Bouchercon is the World Mystery Convention for mystery writers and readers to get together each year. “Murder Under the Oaks” took place in Raleigh, NC, from October 8 – 11, 2015. It was a bit of a trek to get there from San Francisco, but so worth it!
I attend mystery conventions like this one as both a writer and a reader. With my author hat, I have business meetings to attend, panels where I’m a presenter, and book signings where I get to meet amazing readers. But as a mystery fan, the coolest thing about conventions is getting to hang out with other writers and readers to chat about mysteries. Here are some highlights from this year’s Bouchercon.
I’m one of the new members of the Sisters in Crime board of directors, so the morning before the convention kicked off, I attended my first SinC board meeting (more details about the board and our roles can be found here). Are you a member of Sisters in Crime? If not, why not? Here’s why you should join.
This year’s Eleanor Taylor Bland Crime Fiction Writers of Color Award winner, Vera Chan, was introduced at the Sisters in Crime breakfast. One of my roles on the SinC board is to facilitate this fantastic award, which is now a yearly $1,500 grant, so let me know if you have any questions about it!
It’s always a treat to hang out with Diane Vallere and Kendel Lynn. I met the two of them early in my writing journey. Kendel is now the editor of my Jaya Jones treasure hunt mystery series, but before that, the three of us collaborated on Other People’s Baggage, a collection of three interconnected mystery novellas. We’re still friends after writing a book together, so I know these pals are the real deal.
Big thanks to Karen Pullen for arranging the Guppy Lunch, and to Jim Jackson for making sure we all introduced ourselves to put faces to the names we know on the online group.
And thanks to Art Taylor and Gerald So for arranging a lunch meet-up for the Short Mystery Fiction Society.
I spoke on a short story panel along with three of the authors up for Anthony awards for Best Short Story this year, so as you can imagine, we had a great discussion. We talked about the rising interest in short fiction, what draws us to this form, the craft of writing short stories, favorite stories that inspired us, and of course I brought up my love of locked-room “impossible crime” short stories.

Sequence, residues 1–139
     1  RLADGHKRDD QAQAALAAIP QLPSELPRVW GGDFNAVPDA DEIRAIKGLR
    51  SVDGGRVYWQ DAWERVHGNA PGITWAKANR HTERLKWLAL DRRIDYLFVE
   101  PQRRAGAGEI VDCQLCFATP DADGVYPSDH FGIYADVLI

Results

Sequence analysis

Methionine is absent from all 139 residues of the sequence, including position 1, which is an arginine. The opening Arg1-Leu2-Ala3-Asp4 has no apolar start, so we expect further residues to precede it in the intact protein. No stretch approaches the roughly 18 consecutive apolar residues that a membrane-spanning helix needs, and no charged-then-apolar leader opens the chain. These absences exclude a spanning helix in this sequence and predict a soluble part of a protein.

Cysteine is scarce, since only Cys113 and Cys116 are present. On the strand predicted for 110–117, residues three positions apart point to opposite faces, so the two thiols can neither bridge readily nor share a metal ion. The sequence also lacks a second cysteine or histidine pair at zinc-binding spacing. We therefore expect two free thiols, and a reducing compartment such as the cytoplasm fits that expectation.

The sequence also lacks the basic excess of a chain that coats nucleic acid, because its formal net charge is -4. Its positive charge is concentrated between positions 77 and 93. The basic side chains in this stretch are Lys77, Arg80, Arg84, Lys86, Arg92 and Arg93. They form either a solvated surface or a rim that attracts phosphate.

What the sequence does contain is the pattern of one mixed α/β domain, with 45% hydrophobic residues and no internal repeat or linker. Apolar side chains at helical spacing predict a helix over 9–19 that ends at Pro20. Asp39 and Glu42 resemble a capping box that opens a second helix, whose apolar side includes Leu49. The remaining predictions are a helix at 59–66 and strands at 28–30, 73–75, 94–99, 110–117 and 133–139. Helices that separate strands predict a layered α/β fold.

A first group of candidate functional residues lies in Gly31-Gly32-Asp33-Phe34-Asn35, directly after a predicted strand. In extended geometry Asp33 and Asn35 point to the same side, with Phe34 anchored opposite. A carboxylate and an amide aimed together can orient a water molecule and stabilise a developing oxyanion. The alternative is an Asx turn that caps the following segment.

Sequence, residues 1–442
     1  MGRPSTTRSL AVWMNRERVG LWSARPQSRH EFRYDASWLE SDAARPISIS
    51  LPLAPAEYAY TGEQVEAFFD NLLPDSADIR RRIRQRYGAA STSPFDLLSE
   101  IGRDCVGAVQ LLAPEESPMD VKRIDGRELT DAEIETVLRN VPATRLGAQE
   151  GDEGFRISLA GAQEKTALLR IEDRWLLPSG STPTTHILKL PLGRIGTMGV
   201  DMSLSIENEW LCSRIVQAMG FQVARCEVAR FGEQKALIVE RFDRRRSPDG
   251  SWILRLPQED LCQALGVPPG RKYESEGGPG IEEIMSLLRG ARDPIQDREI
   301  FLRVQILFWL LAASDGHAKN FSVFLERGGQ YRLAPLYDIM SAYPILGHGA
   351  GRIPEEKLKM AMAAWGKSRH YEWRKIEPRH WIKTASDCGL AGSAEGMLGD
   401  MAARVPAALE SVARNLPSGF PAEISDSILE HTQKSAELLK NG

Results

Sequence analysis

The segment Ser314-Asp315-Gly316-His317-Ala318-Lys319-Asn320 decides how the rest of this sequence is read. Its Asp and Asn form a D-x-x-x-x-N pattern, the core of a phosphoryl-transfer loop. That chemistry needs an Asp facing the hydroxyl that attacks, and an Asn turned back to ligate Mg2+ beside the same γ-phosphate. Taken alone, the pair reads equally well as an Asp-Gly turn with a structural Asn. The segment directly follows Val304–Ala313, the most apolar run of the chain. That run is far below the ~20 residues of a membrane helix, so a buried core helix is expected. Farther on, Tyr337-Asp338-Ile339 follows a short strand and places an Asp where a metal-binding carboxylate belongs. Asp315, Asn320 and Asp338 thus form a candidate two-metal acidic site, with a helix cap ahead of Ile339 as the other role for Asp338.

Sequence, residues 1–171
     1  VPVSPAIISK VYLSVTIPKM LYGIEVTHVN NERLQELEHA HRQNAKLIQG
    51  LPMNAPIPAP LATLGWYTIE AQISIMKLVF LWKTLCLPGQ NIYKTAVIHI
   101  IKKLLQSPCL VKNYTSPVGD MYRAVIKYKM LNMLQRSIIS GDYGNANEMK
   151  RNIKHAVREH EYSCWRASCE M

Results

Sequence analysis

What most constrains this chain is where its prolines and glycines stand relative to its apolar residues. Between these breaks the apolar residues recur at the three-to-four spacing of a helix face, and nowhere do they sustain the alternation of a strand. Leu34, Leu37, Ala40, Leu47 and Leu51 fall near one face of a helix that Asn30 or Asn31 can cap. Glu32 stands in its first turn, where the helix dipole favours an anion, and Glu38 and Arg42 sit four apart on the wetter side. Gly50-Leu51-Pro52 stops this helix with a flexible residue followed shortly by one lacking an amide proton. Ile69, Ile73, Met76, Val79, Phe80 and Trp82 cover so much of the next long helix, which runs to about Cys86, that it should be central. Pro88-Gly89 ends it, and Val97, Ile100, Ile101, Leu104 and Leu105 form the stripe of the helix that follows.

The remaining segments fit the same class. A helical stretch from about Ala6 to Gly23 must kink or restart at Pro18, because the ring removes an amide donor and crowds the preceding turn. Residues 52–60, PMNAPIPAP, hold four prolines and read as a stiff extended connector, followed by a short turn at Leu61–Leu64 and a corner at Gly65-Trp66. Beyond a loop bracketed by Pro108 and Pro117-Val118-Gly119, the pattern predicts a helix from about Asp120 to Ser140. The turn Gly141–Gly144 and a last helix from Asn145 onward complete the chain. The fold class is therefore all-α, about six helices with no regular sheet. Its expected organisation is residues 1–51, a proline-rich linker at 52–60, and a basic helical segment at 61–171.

I had a story in last year’s Bouchercon anthology, but this year I got to sit back and relax while this year’s contributors talked about their stories — and signed hundreds of copies of the book!
The convention was filled with great panels on just about every mystery-related topic you can think of, plus Guest of Honor interviews. Margaret Maron’s Lifetime Achievement Award interview by Caroline Todd was especially beautiful. The auditorium was packed, so unfortunately I was too far back to get a good photo of that interview!
When the panels and interviews ended, there was still fun to be had.
Raleigh is a foodie town, so there were many cute restaurants to check out, including the Happy & Hale cafe with organic salads and green juice right across the street from the hotel. (Zoe Faust and Dorian the gargoyle would be pleased.)
The Anthony Awards were voted on by attendees and announced on the last evening of the convention.
This year’s winners:
Best Novel After I’m Gone – Laura Lippman
Best First Novel The Black Hour – Lori Rader-Day
Best Paperback Original The Day She Died – Catriona McPherson
Best Critical or Non-Fiction Work Writes of Passage: Adventures on the Writer’s Journey – Hank Phillippi Ryan, ed.
Best Short Story “The Odds Are Against Us” Art Taylor
Best Anthology or Collection In the Company of Sherlock Holmes: Stories Inspired by the Holmes Canon – Laurie R. King & Leslie S. Klinger, eds.
Catriona McPherson had to leave the convention early to attend a wedding in Scotland, so our Midnight Ink editor Terri Bischoff read her lovely acceptance speech. It was so charming that I’m hoping someone recorded it!
Another award given out during the ceremony was the David S. Thompson Award, presented by the Bouchercon Board to recognize extraordinary efforts to develop and promote the mystery and crime fiction community. Bill and Toby Gottfried were given this year’s award. The Gottfrieds live not far from me, so I’m lucky I get to see them on a semi-regular basis at Janet Rudolph’s Literary Salons.
Huge thanks to the team who worked behind the scenes to make the convention a success.